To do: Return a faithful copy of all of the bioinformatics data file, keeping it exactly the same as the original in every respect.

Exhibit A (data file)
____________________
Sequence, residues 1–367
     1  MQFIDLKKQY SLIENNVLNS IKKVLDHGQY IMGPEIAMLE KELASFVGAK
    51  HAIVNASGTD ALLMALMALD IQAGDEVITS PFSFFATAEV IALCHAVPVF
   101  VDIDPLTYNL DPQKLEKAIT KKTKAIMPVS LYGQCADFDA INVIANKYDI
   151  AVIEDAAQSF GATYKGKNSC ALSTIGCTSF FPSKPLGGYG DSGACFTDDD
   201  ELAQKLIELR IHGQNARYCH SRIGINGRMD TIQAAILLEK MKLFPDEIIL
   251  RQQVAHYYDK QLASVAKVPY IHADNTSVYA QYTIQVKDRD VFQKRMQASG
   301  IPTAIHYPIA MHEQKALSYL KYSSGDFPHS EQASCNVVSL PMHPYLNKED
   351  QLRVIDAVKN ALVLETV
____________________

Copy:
Sequence, residues 1–367
     1  MQFIDLKKQY SLIENNVLNS IKKVLDHGQY IMGPEIAMLE KELASFVGAK
    51  HAIVNASGTD ALLMALMALD IQAGDEVITS PFSFFATAEV IALCHAVPVF
   101  VDIDPLTYNL DPQKLEKAIT KKTKAIMPVS LYGQCADFDA INVIANKYDI
   151  AVIEDAAQSF GATYKGKNSC ALSTIGCTSF FPSKPLGGYG DSGACFTDDD
   201  ELAQKLIELR IHGQNARYCH SRIGINGRMD TIQAAILLEK MKLFPDEIIL
   251  RQQVAHYYDK QLASVAKVPY IHADNTSVYA QYTIQVKDRD VFQKRMQASG
   301  IPTAIHYPIA MHEQKALSYL KYSSGDFPHS EQASCNVVSL PMHPYLNKED
   351  QLRVIDAVKN ALVLETV